Viola Loves Salsa.


With equal amounts of pride and oblivion she strides in from the backyard. The look on her face says it all. I can tell she’s had a wonderful day, and her gaze serves as a testament to her happiness. I love seeing her like this. Nothing is more important to me than the happiness of those I love. I continue doing the dishes thinking about how in the midst of the world’s great challenges, and the stress of daily life, she has found a way to feel satisfied. But then I see it, like a small detail in a painting that changes the whole picture.

Viola has a bell-pepper in her mouth.

We love salsa. We love it so much, that over the summer Kerri and her mom decided to plant a “salsa garden.” They muddied their hands planting tomatoes, onions, jalapenos, bell peppers, and a bunch of other stuff, only to have our resident troublemakers reap the rewards before we could make our first bowl. Time, money, and energy went into this endeavor, which inevitably only served to supplement the diets of our two 75 lb. dogs. Kerri still hasn’t overcome the defeat.

Lots of our readers told us to grow fruits and vegetables during our experiment, and we would have loved to, but for us that would have meant a serious amount of time and money that we just didn’t have in September. Our situation hasn’t improved since then. Before we can make full use of our backyard, we have to figure out how to make it a place for growing food, and a place for our dogs to grow. Part of this compromise will include building a small fence, that at present we don’t have the time, money, or know how to do. However, it is on the agenda for 2009.

We have already re-thought the way we approach eating, now we just have to rethink our living space in order to make our vision edible. We want change to happen in our backyard, but it requires a fundamentally different approach, much like the global food system.

An article appeared today from the BBC that addresses this need to re-think the system. Shopping smarter is part of the immediate solution to get by, but ultimately, cutting coupons to save money on food is akin to trying to surf your way out of a hurricane. We need a better way to get out of this mess; one that will empower us to take back our health and our planet. Here are just a couple of appetizers from the article to whet your pallet:

“Essentially, what we are dealing with at the moment is a food system that was laid down in the 1940s,” he told BBC News.

“It followed on from the dust bowl in the US, the collapse of food production in Europe and starvation in Asia.

“At the time, there was clear evidence showing that there was a mismatch between producers and the need of consumers.”

Professor Lang, from City University, London, added that during the post-war period, food scientists and policymakers also thought increasing production would reduce the cost of food, while improving people’s diets and public health.

“But by the 1970s, evidence was beginning to emerge that the public health outcomes were not quite as expected,” he explained.

“The consumer today has got to understand that when they make a choice, let’s say an apple – either Chinese, French or English one – they are making a political choice, a socio-economic choice, as well as an environmental one.”

I hope you enjoy the article.

– Christopher



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15 responses to “Viola Loves Salsa.

  1. Betty Ann

    Coupons… are usually for overpriced convenient foods; the store brand is usually less $$$ than the name brand with a coupon.

    The book ‘The Complete Tightwad Gazette’ talked about how to live frugally creatively and not feel deprived. I highly recommend it to all. She had a garden and canned or froze a lot of food for her family of 8.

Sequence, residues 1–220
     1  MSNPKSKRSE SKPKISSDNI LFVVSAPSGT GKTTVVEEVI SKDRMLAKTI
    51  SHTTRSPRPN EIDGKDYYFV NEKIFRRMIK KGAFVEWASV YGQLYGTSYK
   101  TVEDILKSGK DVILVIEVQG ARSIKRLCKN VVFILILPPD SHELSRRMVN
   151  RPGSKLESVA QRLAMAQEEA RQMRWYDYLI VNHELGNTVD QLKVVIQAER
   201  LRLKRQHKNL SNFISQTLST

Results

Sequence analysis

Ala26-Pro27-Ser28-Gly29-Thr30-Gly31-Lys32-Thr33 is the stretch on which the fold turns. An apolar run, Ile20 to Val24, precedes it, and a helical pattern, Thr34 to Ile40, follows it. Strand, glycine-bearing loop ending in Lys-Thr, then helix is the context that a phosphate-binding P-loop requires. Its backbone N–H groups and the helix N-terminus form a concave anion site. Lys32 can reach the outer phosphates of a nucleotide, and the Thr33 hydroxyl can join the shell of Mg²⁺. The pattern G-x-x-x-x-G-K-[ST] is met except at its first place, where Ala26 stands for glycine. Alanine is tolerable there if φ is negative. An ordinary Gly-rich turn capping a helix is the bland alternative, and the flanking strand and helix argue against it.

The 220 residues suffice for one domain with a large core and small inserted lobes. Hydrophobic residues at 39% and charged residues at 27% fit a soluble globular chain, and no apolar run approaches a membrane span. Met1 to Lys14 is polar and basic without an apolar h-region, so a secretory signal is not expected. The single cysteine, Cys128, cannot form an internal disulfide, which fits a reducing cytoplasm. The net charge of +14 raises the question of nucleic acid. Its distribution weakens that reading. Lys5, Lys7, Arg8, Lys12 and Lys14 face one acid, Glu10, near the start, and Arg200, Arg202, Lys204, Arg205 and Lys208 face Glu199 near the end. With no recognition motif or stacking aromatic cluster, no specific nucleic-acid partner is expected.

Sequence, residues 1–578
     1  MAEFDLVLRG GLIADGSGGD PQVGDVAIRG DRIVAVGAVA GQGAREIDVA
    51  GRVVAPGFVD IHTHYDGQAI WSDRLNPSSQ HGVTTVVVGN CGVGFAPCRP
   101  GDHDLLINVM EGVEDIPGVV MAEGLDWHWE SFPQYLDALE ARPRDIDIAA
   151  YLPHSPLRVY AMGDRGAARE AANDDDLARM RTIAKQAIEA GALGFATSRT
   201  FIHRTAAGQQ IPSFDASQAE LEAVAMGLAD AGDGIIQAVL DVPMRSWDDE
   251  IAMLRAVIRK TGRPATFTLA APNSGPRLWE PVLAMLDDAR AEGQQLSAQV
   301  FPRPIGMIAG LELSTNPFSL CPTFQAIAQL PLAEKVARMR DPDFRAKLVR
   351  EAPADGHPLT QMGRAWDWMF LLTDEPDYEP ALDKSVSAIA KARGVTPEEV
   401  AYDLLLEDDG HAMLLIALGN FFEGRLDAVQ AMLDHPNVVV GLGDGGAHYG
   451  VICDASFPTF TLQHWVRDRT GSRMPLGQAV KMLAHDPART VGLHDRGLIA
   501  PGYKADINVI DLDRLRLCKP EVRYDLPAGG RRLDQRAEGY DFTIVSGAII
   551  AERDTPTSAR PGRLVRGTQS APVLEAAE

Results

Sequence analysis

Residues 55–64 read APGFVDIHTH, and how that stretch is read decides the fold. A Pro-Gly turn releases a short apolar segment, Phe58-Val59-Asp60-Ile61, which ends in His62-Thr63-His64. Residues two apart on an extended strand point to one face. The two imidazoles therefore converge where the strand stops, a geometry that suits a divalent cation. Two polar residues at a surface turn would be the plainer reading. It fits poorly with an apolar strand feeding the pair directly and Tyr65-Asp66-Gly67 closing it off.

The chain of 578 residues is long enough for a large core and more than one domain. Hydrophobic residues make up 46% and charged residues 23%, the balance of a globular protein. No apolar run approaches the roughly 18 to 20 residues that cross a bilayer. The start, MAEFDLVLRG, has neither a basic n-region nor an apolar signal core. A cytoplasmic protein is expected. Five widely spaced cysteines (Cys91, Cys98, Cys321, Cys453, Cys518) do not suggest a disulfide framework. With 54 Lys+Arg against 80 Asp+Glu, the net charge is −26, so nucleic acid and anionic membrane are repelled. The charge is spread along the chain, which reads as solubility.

I’m actually might be saving $$$$ by eating Organic… because the cost is higher; so it is making me NOT want to overeat; and also if I eat less meat and more organic beans/rice than I further reduce my food bills.

    Thanks for this great Blog……….good luck with your gardening. I have space to garden in my yard (very limited); and honestly the cost of starting a garden is a bit too much (unless from seeds); but to get better dirt (we have that hard red dirt); and containers and small plants.. it is a bit high to do all that. I’m not sure I’ll save $$$ and I’m not sure I want to devote the time to be honest. (as a single mom).


  2. Pingback: Viola Loves Salsa. « One Dollar Diet Project · TV SeRiES

  3. Pingback: Viola Loves Salsa. « One Dollar Diet Project | Mi Musica Latina

  4. After reading your blog for a couple of weeks now, I’ve been thinking about it a lot and the fact is that food is not priced right.

    What we really need are foods that are priced for health and transportation.

    If locally grown vegetables, fruits and meats were cheaper than junk foods and food grown hundreds or even thousands of miles away – people would eat right. But the problem is that the majority of people will always choose what they eat based on price.

    Unfortunately cheap food is also fattening and/or not made locally.

  5. Your writing has really raised the bar for me in thinking about the food and the cost of that food. Please keep writing and researching articles for us to read.
    Thank you.

  6. julie

    If you are thinking salsa you are thinking gaspachzo. Just a tip, at least in Houston, bugs/birds got to the tomatoes before me. But when I grew peppers in between the tomatoes, no problems. Try to container garden for salsa. But plopped the herbs in the regular ground. Also use multiple varietes of Basil. It smells great, is beautiful, give it away, grows and grows, (plus edible).

    You are right, gardening is timely and can be costly. Gardening skills are not built over a year, but over several years. Trial and error can be costly. Ask for local advice specifice for your situation.

    In retropect I should have done container gardening with peppers and tomatos, before trying to start a plot in the ground.

    Thanks for the blog. Bless Viola, what a dear. JR

  7. Well, I never knew where to bring it up before, so I think that I’ll mention it now.